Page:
The message is: everything you rose up against is here, is worse. Don’t put your hopes in the revolution or parliament. We are the regime and we’re back.

What they are not taking into account is that everybody’s grown up – the weapon of shame can no longer be used against women. When they subjected young women to virginity tests one of them got up and sued them. Every young woman they’ve brutalized recently has given video testimony and is totally committed to continuing the struggle against them.

The young woman in the blue jeans has chosen so far to retain her privacy. But her image has already become icon. As the tortured face of Khaled Said broke any credibility the ministry of the interior might have had, so the young woman in the blue jeans has destroyed the military’s reputation.

Ahdaf Soueif is the author of the bestselling The Map of Love which was shortlisted for the Booker Prize for Fiction in 1999.  She is also a political and cultural commentator: a collection of her essays, Mezzaterra: Fragments from the Common Ground, was published in 2004. She has a new book Cairo: My City, Our Revolution published in January 2012.

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Mahfouz: the unfinished Trilogy

I don’t like giving up on a book after I’ve started reading it, but I’m afraid I’ve just had to abandon The Cairo Trilogy by Naguib Mahfouz after struggling for over a month to finish the first volume, Palace Walk.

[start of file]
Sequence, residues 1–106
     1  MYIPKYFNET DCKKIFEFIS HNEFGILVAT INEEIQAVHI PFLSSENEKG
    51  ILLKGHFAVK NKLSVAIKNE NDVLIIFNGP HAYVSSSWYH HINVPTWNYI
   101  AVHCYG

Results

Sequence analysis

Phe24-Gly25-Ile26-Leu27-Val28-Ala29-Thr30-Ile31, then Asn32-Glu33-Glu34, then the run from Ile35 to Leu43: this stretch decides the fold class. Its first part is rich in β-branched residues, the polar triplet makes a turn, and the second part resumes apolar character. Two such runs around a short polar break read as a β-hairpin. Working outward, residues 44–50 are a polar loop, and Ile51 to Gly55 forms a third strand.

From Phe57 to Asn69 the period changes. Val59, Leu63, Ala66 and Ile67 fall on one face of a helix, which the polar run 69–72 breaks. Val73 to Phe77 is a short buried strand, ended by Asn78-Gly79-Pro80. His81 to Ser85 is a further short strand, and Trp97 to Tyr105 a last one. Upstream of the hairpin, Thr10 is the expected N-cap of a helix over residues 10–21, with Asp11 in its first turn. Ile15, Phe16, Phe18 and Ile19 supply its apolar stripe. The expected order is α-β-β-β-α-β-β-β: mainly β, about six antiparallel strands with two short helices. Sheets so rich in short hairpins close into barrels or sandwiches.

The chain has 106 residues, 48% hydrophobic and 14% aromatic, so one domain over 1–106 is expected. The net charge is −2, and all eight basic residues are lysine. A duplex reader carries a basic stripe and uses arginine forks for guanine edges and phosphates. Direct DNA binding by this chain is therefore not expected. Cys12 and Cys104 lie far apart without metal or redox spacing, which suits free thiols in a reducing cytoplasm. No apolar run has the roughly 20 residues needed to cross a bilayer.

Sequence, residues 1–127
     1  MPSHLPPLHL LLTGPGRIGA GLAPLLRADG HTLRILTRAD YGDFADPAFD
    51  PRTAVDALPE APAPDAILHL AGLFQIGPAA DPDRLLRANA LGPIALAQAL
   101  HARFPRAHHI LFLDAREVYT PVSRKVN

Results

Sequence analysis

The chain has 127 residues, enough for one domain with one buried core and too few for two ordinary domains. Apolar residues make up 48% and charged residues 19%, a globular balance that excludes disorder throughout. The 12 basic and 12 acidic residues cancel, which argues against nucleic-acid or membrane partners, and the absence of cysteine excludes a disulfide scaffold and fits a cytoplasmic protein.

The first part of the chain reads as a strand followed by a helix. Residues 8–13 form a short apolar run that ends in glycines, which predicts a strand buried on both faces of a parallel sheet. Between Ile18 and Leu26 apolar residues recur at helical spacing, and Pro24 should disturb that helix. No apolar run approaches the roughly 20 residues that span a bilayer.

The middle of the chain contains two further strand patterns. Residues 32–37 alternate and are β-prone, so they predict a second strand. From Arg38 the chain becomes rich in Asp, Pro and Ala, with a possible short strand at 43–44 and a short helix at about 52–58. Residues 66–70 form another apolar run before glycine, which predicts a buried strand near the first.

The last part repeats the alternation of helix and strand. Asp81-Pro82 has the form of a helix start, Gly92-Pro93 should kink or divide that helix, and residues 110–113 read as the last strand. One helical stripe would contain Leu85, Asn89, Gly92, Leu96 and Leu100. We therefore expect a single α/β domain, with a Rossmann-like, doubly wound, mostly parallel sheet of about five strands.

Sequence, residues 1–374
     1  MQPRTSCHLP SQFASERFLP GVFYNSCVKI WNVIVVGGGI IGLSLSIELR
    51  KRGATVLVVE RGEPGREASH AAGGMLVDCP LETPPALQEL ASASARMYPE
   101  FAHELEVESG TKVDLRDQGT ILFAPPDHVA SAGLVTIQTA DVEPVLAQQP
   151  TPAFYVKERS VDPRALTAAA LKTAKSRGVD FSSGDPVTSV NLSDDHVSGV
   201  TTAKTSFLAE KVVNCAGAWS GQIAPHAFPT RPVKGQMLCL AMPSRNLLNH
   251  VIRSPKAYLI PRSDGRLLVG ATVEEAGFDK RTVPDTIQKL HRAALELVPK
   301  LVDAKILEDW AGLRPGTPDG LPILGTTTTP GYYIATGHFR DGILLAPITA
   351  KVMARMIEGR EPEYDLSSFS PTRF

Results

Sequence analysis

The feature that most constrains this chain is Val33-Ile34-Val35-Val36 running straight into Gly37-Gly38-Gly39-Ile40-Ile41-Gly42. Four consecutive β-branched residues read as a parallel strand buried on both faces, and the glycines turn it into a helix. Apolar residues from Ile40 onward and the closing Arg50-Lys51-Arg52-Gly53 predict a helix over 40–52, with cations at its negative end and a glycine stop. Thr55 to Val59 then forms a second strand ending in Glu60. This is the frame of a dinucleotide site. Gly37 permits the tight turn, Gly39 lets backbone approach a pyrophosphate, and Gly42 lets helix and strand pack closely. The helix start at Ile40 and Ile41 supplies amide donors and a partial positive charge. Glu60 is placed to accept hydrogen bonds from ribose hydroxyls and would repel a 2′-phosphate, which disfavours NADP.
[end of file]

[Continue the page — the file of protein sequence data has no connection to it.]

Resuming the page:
What was my problem?   I think it was the focus, in minute detail, on the daily events in a household dominated by the tyrannical Al-Sayyid Ahmad Abd al-Jawad, a household ‘that did not allow human emotions their rightful place and where the affections of the heart were hidden behind veils of self-denial and hypocrisy’ (p170).

It is 1919, the period of the Egyptian Revolution against the post-war British protectorate in Egypt, following the collapse of the Ottoman Empire.  Al-Sayyid Ahmad and his wife, Amina, are strict Muslims (far more rigid in their adherence to religious precepts than many of their neighbours, we learn).  The atmosphere in the family is portrayed as stifling,  especially for the mother and her daughters. Each acquiesce to their traditional role of no education beyond primary school, submission to the father’s domination, and marriage and devotion to family as a woman’s only duties.  The women never go out of the house alone (except in one memorable scene where Amina ventures out to a local mosque, with tragic consequences) and there are many scenes that involve the mother of daughters snatching glimpses of the street through the lattice work of the balcony screen.